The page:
The cargo airline deployed two Boeing 777-300 passenger aircraft operating as freighters to support exporters of perishables achieve speed to market and deliver products in pristine condition.
The cargo transported by Emirates SkyCargo on 15th and 27th April comprised principally of fish, fruit, vegetables and betel leaves to markets such as Zurich, Paris, Frankfurt, London, Brussels, Dubai, Karachi and Lahore.
An important facilitator of international trade, Emirates SkyCargo is currently operating scheduled cargo flights as well as charters using its Boeing 777-F freighters and Boeing 777-300ER passenger aircraft to close to 60 global destinations. The air cargo carrier has helped transport vital medical supplies to different parts of the world including to Australia on both its scheduled flights as well as on special charter flights.
Himachal Pradesh face dim prospects as cherry harvest begins
Cherry harvesting has begun in Himachal Pradesh amid the lockdown to contain the spread of Covid-19 with growers not hopeful of getting good profits as most markets remain closed.
It has been extra difficult for growers as untimely rain and snow in the higher reaches in the first two weeks of April first impacted fruit development due to a sharp drop in temperature. Just 50% yield is expected this time as against last year’s bumper cherry crop, which was almost 60% higher than that of the previous year, at 225 tonnes, which led to a drop in market prices.
Another factor that growers are worried about is that Delhi’s Azadpur Market, from where many of them market the produce, is now a major Covid-19 hotspot. Jahangirpuri, another hotspot, is also facing a labour shortage, because of which traders in the Capital have informed growers in HP about their inability to buy the fruits.
The Kotgarh Horticultural and Environment Society has suggested that the government allow major companies to send their air conditioned trucks up to Theogh for transporting the produce out of the state. Much of the produce is sold in Punjab and Shimla.
Namibian farmers stuck with produce and no markets
Many Namibian small-scale farmers are stuck with a surplus of fresh produce because there is currently no market for them to sell their products as a result of Covid-19, which has led to closure of many retail businesses and restricted the movement of people.
One such farmer is Swapo Party Youth League (SPYL) secretary Ephraim Nekongo, who yesterday said most of them are stranded with fresh produce without a market because essential retail shops do not want to buy their products. He said big retail shops that are mostly foreign-owned buy fresh produce and eggs from neighbouring South Africa and Botswana at the expense of locally produced goods. He applauded a few retail shops such as Spar and Woermann Brock for buying some produce such as spinach, tomatoes and potatoes from local small-scale farmers.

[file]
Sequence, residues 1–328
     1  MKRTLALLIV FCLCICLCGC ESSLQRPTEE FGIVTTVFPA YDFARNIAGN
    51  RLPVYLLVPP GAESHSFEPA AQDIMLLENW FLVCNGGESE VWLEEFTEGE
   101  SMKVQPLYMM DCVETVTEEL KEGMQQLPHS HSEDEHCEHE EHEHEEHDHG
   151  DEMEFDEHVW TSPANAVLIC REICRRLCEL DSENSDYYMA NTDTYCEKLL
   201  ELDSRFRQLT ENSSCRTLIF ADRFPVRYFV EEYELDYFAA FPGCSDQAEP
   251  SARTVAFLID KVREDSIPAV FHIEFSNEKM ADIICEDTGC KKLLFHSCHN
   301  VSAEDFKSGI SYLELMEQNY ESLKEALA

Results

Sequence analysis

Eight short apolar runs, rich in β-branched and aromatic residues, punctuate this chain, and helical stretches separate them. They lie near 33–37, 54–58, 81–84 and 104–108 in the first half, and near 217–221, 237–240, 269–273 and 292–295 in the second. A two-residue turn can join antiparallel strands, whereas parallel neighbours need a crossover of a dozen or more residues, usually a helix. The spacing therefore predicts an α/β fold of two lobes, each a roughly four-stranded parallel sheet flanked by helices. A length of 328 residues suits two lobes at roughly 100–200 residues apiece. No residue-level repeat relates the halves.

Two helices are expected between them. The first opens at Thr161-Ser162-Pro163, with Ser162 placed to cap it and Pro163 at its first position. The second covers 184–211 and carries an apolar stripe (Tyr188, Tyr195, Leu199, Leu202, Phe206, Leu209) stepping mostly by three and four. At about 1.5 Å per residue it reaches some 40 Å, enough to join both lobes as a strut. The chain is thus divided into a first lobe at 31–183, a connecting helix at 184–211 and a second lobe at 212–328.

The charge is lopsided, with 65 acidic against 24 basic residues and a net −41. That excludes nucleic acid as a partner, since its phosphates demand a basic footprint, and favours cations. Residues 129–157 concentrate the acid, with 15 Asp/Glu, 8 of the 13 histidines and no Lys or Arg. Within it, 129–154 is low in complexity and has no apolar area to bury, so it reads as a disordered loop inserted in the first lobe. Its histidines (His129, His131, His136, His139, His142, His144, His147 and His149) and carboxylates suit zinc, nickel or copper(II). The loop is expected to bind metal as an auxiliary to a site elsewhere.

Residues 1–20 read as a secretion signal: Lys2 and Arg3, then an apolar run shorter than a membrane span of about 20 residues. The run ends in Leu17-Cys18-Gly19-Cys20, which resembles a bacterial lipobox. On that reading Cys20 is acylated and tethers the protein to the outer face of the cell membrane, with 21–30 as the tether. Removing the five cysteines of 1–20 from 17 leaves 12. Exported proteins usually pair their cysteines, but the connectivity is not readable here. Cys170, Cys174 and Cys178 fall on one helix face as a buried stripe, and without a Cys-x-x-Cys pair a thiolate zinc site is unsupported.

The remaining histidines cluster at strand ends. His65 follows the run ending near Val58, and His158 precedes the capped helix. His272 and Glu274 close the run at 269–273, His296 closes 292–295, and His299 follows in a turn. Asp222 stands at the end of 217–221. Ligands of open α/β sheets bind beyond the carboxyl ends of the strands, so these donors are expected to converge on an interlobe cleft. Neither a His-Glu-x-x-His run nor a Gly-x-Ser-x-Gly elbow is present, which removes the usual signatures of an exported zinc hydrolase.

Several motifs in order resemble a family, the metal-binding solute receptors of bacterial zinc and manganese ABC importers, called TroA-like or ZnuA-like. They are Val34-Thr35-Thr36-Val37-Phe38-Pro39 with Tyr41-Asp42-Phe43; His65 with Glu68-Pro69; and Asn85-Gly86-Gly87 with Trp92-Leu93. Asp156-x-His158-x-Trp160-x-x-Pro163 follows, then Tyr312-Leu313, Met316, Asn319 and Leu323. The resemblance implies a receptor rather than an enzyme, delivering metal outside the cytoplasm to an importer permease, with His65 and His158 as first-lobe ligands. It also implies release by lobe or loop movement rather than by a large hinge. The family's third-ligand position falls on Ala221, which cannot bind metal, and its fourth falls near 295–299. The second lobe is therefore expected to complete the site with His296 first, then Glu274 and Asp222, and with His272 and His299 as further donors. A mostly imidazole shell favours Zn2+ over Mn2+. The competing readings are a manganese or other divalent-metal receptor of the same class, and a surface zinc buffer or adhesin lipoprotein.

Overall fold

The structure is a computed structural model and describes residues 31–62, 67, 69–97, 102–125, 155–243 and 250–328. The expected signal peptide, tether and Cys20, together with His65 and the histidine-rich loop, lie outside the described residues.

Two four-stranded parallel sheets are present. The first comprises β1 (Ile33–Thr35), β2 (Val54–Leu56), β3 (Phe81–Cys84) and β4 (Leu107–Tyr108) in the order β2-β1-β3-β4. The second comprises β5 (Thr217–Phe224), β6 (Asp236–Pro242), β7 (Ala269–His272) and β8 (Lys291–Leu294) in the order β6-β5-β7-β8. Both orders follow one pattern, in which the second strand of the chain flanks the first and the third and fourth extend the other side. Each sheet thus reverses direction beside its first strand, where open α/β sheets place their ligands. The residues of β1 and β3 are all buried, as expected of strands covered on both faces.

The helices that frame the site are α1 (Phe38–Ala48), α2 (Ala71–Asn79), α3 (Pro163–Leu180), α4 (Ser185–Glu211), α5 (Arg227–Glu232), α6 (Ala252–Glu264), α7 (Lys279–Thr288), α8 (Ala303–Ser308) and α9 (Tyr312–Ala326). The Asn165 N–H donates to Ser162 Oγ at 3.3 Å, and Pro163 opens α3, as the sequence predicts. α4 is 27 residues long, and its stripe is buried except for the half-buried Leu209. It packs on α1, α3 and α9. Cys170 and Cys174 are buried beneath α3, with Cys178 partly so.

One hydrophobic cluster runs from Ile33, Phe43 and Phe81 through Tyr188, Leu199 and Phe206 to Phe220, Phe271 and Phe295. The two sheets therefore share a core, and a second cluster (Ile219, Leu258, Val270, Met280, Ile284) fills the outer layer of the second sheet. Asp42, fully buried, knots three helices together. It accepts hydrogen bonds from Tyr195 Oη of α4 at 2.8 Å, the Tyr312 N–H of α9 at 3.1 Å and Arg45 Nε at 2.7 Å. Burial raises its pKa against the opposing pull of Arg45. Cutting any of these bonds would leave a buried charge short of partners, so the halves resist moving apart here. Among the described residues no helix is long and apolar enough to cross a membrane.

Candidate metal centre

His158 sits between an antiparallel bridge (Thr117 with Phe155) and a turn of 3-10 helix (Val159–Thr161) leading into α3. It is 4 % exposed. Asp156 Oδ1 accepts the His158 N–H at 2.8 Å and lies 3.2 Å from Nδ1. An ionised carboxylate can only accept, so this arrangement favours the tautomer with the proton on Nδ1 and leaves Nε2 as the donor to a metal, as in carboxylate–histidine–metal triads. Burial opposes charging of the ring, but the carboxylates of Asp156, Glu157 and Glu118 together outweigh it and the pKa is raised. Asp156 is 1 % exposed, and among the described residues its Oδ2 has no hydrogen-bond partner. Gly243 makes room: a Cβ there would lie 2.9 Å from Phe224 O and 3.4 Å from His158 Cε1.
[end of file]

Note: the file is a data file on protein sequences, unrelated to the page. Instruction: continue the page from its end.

Agriculture executive director Percy Misika said the financially-troubled Agro-Marketing and Trade Agency (AMTA) is mandated to buy these produce from local farmers for sell to the existing formal market.
ASEAN countries call for collaboration in food and supply chain security
In the light of the COVID-19 pandemic, national lockdowns have led to panic buying as consumers feared food supply shortages in ASEAN countries. For many countries, it has exposed a dependency on foreign nations for staple foods that are not produced domestically.
Malaysia is a huge exporter of fresh produce such as fruit, eggs and vegetables, serving many countries intra-regionally within Asia. The decision to close its borders for two weeks in March led to a ripple effect of panic-buying in Singapore, a country heavily reliant on food imports.
Huge price rises in staple foods such as rice have consequences that go beyond hunger. As much of Southeast Asia is characterised as ‘developing’, higher consumer spending on basic sustenance heightens the risk of poverty and unemployment. ASEAN nations have called for greater intra-region co-operation for 650 million people living in its member states.
The Covid-19 pandemic has exposed a huge dependency on China for manufacturing, encouraging a rethink on critical infrastructure. As a response, ASEAN has promoted an economic recovery plan that focuses not only on the economy but also on social safety nets, food security and education.